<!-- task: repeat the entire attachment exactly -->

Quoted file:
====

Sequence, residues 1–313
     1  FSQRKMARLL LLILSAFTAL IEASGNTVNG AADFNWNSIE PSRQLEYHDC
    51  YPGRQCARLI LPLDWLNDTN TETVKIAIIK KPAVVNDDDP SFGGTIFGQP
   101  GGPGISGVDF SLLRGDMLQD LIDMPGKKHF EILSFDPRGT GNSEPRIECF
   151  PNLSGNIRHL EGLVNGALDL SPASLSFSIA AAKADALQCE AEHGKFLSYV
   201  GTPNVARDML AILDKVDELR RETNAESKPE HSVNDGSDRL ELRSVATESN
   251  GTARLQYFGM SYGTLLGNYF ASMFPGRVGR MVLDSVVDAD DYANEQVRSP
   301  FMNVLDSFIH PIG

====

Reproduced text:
Sequence, residues 1–313
     1  FSQRKMARLL LLILSAFTAL IEASGNTVNG AADFNWNSIE PSRQLEYHDC
    51  YPGRQCARLI LPLDWLNDTN TETVKIAIIK KPAVVNDDDP SFGGTIFGQP
   101  GGPGISGVDF SLLRGDMLQD LIDMPGKKHF EILSFDPRGT GNSEPRIECF
   151  PNLSGNIRHL EGLVNGALDL SPASLSFSIA AAKADALQCE AEHGKFLSYV
   201  GTPNVARDML AILDKVDELR RETNAESKPE HSVNDGSDRL ELRSVATESN
   251  GTARLQYFGM SYGTLLGNYF ASMFPGRVGR MVLDSVVDAD DYANEQVRSP
   301  FMNVLDSFIH PIG